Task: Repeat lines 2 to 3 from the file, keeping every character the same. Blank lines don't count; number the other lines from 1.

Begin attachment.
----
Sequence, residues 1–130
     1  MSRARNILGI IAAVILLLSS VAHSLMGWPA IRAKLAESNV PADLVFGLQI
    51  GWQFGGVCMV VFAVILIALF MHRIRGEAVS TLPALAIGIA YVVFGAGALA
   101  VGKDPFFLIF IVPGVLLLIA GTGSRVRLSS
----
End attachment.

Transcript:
     1  MSRARNILGI IAAVILLLSS VAHSLMGWPA IRAKLAESNV PADLVFGLQI
    51  GWQFGGVCMV VFAVILIALF MHRIRGEAVS TLPALAIGIA YVVFGAGALA